Tuesday, December 30, 2008

Caffeine and Melatonin

Here is an interesting study done by some folks at the University of Mainz in Germany.

The article is titled:
“Effects of caffeine intake on the pharmacokinetics of melatonin, a probe drug for CYP1A2 activity”

and can be found at:

Among other things, it states that, “caffeine was found to increase the oral bioavailability of melatonin”.

That makes sense I suppose. As far as I know, caffeine works by inhibiting adenosine, which is itself a type of “inhibitor”. So maybe adenosine or something
like it is also inhibiting melatonin? Hmmm…

That being said, the focus of this study was on the “oral bioavailability” of melatonin. Which, I assume, is talking about melatonin supplements. However, maybe caffeine has some effect on endogenous melatonin as well? I’m speculating here, and I’m way out of my field of knowledge, (liberal arts degree be damned) but hey why not?

At any rate, if indeed caffeine has an effect on increasing endogenous melatonin, (my probably, easy- to-prove-against-speculation) this would be quite the news. It would certainly give credence to all those miraculous individuals who are able to have a cup of coffee and then promptly fall asleep. It would also seem, that the key to utilizing caffeine for wakefulness is to use it with light!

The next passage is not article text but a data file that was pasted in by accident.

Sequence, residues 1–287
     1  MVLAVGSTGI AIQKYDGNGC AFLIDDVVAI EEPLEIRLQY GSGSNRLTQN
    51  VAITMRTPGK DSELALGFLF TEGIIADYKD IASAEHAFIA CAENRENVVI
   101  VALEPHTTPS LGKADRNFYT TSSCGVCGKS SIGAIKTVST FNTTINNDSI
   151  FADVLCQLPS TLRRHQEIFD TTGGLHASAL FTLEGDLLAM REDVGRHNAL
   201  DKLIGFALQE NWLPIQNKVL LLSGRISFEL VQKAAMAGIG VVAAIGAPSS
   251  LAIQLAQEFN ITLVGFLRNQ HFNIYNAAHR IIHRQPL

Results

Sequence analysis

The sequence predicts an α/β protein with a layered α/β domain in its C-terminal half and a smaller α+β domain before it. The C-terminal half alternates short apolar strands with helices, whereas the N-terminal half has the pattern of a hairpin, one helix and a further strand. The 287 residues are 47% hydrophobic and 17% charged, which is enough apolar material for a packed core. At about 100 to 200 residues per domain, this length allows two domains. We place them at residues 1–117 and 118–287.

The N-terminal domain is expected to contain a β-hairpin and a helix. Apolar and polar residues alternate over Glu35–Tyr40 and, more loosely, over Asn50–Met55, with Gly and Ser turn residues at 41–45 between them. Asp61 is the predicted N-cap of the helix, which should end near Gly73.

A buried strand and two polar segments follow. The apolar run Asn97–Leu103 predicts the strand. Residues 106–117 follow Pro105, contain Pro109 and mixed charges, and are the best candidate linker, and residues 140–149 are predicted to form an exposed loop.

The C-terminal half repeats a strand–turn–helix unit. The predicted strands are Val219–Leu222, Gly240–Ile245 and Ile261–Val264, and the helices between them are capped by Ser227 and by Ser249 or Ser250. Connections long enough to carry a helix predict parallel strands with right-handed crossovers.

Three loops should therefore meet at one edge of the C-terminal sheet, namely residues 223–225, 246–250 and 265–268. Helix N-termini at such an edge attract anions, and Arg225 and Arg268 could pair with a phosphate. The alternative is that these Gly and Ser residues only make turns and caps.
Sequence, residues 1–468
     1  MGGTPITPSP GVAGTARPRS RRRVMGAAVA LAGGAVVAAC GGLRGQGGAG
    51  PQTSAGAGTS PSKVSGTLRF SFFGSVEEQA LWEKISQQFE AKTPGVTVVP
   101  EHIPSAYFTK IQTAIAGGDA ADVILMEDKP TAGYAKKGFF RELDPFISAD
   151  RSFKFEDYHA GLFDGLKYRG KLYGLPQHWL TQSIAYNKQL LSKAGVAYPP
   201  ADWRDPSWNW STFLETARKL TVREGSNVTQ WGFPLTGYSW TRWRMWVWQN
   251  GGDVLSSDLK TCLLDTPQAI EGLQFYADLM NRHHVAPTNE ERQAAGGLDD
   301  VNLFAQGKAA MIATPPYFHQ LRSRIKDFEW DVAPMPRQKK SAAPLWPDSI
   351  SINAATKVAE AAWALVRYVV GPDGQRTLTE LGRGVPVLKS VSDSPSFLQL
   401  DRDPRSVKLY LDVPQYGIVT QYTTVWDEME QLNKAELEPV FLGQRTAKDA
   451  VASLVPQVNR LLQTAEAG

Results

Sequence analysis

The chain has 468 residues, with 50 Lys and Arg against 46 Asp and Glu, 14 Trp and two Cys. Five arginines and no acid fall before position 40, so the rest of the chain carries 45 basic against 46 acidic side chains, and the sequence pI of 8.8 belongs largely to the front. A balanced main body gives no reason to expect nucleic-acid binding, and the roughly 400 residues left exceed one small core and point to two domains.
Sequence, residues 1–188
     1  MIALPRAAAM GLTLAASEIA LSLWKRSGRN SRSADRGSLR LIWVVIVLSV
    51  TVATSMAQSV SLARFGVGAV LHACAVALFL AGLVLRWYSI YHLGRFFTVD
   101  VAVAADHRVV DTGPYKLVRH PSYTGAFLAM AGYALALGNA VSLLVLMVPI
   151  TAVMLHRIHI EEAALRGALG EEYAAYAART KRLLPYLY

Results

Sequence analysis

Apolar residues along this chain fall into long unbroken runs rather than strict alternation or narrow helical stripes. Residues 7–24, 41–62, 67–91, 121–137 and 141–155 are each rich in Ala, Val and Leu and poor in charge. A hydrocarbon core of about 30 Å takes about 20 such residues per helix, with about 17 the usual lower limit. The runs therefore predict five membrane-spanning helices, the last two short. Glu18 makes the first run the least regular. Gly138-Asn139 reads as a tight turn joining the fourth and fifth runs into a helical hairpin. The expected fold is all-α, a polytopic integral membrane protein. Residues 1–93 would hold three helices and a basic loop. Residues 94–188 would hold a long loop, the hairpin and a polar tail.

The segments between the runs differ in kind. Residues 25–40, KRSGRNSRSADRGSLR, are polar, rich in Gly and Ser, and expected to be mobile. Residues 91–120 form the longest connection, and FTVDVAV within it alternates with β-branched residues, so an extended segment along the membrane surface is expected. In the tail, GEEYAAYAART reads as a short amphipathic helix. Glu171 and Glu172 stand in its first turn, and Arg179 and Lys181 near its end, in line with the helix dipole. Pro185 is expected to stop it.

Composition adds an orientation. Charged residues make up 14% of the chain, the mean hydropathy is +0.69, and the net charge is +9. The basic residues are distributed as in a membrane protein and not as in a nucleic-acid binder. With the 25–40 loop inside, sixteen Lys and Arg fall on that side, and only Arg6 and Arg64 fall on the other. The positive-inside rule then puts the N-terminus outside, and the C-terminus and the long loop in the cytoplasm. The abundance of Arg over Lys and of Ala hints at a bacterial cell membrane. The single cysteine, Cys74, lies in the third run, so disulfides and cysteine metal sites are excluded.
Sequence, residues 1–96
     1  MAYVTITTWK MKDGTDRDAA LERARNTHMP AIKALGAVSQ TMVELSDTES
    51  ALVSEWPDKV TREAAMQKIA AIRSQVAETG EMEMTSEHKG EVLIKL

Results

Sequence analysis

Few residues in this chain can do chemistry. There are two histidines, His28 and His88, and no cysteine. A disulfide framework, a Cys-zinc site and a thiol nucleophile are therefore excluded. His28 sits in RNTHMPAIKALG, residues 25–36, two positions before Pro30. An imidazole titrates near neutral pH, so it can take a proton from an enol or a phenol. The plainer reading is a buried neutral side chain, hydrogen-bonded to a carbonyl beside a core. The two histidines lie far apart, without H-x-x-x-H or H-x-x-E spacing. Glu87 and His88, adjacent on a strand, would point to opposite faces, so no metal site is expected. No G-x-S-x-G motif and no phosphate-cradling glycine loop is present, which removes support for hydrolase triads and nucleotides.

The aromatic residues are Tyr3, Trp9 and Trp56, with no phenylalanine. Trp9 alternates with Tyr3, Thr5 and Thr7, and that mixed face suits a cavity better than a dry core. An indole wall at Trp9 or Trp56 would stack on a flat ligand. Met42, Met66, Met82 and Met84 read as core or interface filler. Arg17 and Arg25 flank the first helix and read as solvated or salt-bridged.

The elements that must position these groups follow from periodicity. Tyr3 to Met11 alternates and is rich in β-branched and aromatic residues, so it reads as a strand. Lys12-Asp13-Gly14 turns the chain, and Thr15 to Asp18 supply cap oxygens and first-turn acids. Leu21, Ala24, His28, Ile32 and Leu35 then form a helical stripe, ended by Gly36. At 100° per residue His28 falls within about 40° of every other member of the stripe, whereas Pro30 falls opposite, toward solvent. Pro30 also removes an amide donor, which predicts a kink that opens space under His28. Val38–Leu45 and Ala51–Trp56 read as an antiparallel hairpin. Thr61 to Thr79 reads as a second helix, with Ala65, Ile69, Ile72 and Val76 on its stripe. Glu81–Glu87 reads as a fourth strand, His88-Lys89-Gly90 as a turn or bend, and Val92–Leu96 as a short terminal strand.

On the other hand…if one is a regular coffee/caffeine user,
and would consequently have higher levels of adenosine,
then perhaps the higher adenosine levels would suppress melatonin and give the user a difficult time while trying to fall asleep. This might especially be the case if one only had caffeine early in the day.

For example, lets say coffee is gulped down in the morning, thereby suppressing adenosine levels. With its natural penchant for homeostasis, the body would respond by creating higher levels of adenosine. Over the course of the day, the caffeine will fade away and the adenosine will slowly creep back into place. Only by now, it is at much higher levels. By the time night comes, the higher levels of adenosine will be suppressing everything from adrenaline to melatonin. Thereby making the user both incredibly exhausted, yet somewhat of an insomniac. Which in turn probably leads to terrible sleep, a groggy morning and another cup of coffee.

But! If you had been taking coffee all day and keeping your adenosine levels low, then perhaps your melatonin levels might be at their normal proportions by bedtime. However, I’m not really sure of the speed at which all this is happening. Perhaps adenosine launches back at full strength far faster than I’m accounting for. In addition, if you were drinking caffeine all day you would have to deal with the other effects of adenosine suppression…namely higher levels of adrenaline!

Good grief, to think there is so much going on “under the hood” when you drink coffee and try to go to sleep. ☺


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